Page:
Purchase this article with an account.
Digna R. Velez Edwards, Paul Gallins, Monica Polk, Juan Ayala-Haedo, Stephen G. Schwartz, Jaclyn L. Kovach, Kylee Spencer, Gaofeng Wang, Anita Agarwal, Eric A. Postel, Jonathan L. Haines, Margaret Pericak-Vance, William K. Scott; Inverse Association of Female Hormone Replacement Therapy with Age-Related Macular Degeneration and Interactions with ARMS2 Polymorphisms. Invest. Ophthalmol. Vis. Sci. 2010;51(4):1873-1879. doi: 10.1167/iovs.09-4000.
Download citation file:
© ARVO (1962-2015); The Authors (2016-present)
To investigate whether female reproductive history and hormone replacement therapy (HRT) or birth control pills (BCPs) influence risk for age-related macular degeneration (AMD) and whether genetic factors interact with HRT to modulate AMD risk.
Related and unrelated female participants (n = 799) were examined and data were analyzed with generalized estimating equations with adjustment for age and smoking. Individuals with AMD grades 1 to 2 were considered to be unaffected (n = 239) and those with grades 3 to 5 were considered affected (n = 560).
When comparing all cases with controls, significant inverse associations were observed for HRT (odds ratio [OR] = 0.65, 95% CI 0.48–0.90, P = 0.008) and BCPs (OR = 0.60, 95% CI 0.36–0.10, P = 0.048). When analyses were stratified by AMD severity (early versus geographic atrophy versus neovascular), the inverse association remained significant (HRT OR = 0.45, 95% CI 0.30–0.66, P < 0.0001; BCP OR = 0.55, 95% CI 0.32–0.96, P = 0.036) only when comparing neovascular AMD with the control. All pair-wise HRT-genotype and BCP-genotype interactions were examined, to determine whether HRT or BCP modifies the effect of established genetic risk factors. The strongest interactions were observed for HRT x ARMS2 coding SNP (R73H) rs10490923 (P = 0.007) and HRT x ARMS2 intronic SNP rs17623531 (P = 0.019).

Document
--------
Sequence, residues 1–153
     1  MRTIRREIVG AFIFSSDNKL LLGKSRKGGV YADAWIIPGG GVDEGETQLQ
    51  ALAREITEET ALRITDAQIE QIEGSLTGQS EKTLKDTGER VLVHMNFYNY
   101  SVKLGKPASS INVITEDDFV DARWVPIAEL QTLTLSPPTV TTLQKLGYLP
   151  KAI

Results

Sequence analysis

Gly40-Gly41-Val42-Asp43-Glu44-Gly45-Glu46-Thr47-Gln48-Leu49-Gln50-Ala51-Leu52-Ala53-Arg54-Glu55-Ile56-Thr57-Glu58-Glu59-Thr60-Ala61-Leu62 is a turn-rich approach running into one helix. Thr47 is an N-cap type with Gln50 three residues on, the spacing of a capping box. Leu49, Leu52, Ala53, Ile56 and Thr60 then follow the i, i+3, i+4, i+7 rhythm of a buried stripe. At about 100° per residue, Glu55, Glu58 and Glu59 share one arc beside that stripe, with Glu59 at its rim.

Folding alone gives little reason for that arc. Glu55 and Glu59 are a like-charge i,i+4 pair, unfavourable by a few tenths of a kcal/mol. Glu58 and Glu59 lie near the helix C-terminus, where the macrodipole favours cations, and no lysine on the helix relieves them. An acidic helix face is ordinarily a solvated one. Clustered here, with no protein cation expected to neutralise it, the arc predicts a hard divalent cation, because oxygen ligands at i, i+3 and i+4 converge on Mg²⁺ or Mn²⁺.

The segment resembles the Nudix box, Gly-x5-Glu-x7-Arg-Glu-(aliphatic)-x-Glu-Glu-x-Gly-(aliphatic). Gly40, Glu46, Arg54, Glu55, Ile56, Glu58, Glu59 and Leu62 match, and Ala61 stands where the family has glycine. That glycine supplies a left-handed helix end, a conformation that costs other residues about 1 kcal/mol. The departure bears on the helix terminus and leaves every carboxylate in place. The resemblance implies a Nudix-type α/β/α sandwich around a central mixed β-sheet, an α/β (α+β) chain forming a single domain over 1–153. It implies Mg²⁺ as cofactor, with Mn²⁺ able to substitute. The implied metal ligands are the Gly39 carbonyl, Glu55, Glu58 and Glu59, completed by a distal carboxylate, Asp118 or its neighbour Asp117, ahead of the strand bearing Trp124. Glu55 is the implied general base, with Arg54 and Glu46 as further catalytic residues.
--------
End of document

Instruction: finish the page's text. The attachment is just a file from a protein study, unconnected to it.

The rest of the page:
These findings provide the first evidence suggesting that ARMS2 interacts with HRT to modulate AMD risk and are consistent with previous reports demonstrating a protective relationship between exogenous estrogen use and neovascular AMD. These results highlight the genetic and environmental complexity of the etiologic architecture of AMD; however, further replication is necessary to validate them.
This PDF is available to Subscribers Only